Control of Spin Lock Polling

Many InnoDB mutexes and rw-locks are reserved for a short time. On a multi-core system, it can be more efficient for a thread to continuously check if it can acquire a mutex or rw-lock for a while before sleeping. If the mutex or rw-lock becomes available during this polling period, the thread can continue immediately, in the same time slice. However, too-frequent polling by multiple threads of a shared object can cause “cache ping-pong”, the shipping of cache lines between processors. InnoDB minimizes this issue by waiting a random time between subsequent polls. The delay is implemented as a busy loop.

Starting with InnoDB 1.0.4, you can control the maximum delay between testing a mutex or rw-lock using the parameter innodb_spin_wait_delay. In the 100 MHz Pentium era, the unit of delay was one microsecond. The duration of the delay loop depends on the C compiler and the target processor. On a system where all processor cores share a fast cache memory, you might reduce the maximum delay or disable the busy loop altogether by setting innodb_spin_wait_delay=0. On a system that consists of multiple processor chips, the shipping of cache lines can be slower and you might increase the maximum delay.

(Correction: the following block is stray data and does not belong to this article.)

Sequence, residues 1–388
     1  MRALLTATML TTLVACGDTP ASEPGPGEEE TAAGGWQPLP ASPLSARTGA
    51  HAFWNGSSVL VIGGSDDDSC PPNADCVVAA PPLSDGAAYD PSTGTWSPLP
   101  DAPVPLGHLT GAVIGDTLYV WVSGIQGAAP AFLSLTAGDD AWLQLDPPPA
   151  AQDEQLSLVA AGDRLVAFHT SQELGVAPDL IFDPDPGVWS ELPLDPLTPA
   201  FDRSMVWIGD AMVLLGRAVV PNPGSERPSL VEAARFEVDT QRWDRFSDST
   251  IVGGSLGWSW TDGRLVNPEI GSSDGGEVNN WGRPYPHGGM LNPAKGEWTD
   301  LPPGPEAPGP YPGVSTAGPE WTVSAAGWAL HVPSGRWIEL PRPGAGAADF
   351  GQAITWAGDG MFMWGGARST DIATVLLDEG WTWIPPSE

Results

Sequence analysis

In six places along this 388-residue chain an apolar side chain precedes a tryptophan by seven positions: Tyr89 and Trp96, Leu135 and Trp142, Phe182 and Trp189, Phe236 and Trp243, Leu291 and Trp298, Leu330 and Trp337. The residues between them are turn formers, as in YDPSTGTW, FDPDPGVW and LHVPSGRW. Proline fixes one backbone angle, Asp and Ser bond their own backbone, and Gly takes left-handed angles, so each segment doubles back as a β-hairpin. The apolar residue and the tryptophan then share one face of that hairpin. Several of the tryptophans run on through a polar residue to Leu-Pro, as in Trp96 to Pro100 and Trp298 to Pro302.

The default value of innodb_spin_wait_delay is 6. The spin wait delay is a dynamic, global parameter that can be specified in the MySQL option file (my.cnf or my.ini) or changed at runtime with the command SET GLOBAL innodb_spin_wait_delay=delay, where delay is the desired maximum delay. Changing the setting requires the SUPER privilege.

For performance considerations for InnoDB locking operations, see Section 7.10, “Optimizing Locking Operations”.

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